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AT&T Grant for STEM Program

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December 21, 2011

AT&T Grant Will Enable GSHH to Promote Interest in STEM Careers to Underserved Girls

As part of an exciting initiative funded by AT&T, Girl Scouts of Heart of Hudson (GSHH) recently announced a new program designed to help 450 area high school girls get interested in STEM (Science, Technology, Engineering and Math) classes and future careers.
Research has shown that minority students and women are gravitating away from science and engineering toward other professions, and also that employment in the STEM fields is increasing at a faster pace than in non-STEM fields. Educational experts say the U.S. must increase proficiency and interest in these areas to compete in the global economy.
GSHH is one of 18 Girl Scout councils, selected through a national competitive grant process, to participate in the educational curriculum called “IMAGINE: Your STEM Future.” Partnered in this endeavor with Ramapo High School in Rockland County, GSHH has received a $40,000 grant, made possible by a major AT&T contribution to Girl Scouts of the USA. The program will run from November 2011 through summer 2012, and bring IMAGINE to girls in grades 9-12.
The IMAGINE initiative is funded through a $1 million AT&T Aspire contribution designed to reach 6,000 young women across the U.S. and introduce them to a variety of career options in the STEM fields.  AT&T’s contribution is among the largest gifts ever made to Girl Scouts of the USA designated for programs in these fields.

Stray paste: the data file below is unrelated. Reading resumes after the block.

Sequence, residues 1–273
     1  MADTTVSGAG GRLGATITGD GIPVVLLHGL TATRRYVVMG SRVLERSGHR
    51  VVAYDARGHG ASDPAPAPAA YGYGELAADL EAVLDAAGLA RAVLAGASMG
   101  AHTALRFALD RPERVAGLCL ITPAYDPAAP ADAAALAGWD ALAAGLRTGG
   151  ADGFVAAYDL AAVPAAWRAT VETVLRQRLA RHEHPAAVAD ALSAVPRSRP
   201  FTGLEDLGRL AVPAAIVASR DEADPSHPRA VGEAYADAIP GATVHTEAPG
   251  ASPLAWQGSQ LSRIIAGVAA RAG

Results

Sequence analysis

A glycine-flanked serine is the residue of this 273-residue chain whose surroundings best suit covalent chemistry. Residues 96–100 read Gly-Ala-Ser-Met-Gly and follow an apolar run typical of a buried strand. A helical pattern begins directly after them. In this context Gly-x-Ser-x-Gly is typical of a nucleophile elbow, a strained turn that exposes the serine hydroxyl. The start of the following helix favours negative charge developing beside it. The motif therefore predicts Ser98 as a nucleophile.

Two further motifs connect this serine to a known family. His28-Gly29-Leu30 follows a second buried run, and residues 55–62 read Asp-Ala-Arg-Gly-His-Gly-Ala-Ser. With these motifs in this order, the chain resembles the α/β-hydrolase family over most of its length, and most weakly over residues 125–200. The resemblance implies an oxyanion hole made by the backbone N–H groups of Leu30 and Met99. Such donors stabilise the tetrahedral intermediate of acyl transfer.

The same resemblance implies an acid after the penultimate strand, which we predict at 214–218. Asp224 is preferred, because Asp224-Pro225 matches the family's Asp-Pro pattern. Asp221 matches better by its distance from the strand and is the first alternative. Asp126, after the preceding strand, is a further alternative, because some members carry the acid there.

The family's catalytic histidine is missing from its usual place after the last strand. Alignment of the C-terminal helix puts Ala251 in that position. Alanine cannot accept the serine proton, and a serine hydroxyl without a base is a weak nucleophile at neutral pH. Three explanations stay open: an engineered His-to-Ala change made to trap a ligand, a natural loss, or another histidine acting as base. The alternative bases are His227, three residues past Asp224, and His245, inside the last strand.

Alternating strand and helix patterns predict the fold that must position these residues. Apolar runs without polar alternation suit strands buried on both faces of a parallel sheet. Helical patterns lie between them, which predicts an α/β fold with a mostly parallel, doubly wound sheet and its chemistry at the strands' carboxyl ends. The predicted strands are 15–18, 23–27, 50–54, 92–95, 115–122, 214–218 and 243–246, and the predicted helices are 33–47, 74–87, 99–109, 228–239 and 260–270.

“Girl Scouts of the Heart of Hudson has some of the most promising young women eager to learn and make a positive impact in both their personal lives and future careers,” said Jean Lewis, GSHH community development manager. “AT&T’s contribution enables us to expand our focus to help them explore educational and workforce options.”
The IMAGINE curriculum offers opportunities for high school girls to team up with AT&T employees and other volunteers to participate in interactive activities and visual experiments, such as extracting DNA from a banana. These activities are designed to help students imagine a future STEM career and spark interest in taking additional STEM courses in high school and college, thereby opening doors to a wide range of career options.
“The STEM disciplines are at the heart of our business and we understand how essential they are becoming to every business and the growth of our economy,” said Amy Hines Kramer, regional vice president of external affairs, AT&T. “We are committed to helping teens succeed and are excited that Girl Scouts of the Heart of the Hudson has been selected to participate in this program and will help these young women develop more skills to enjoy productive and rewarding careers.”

 

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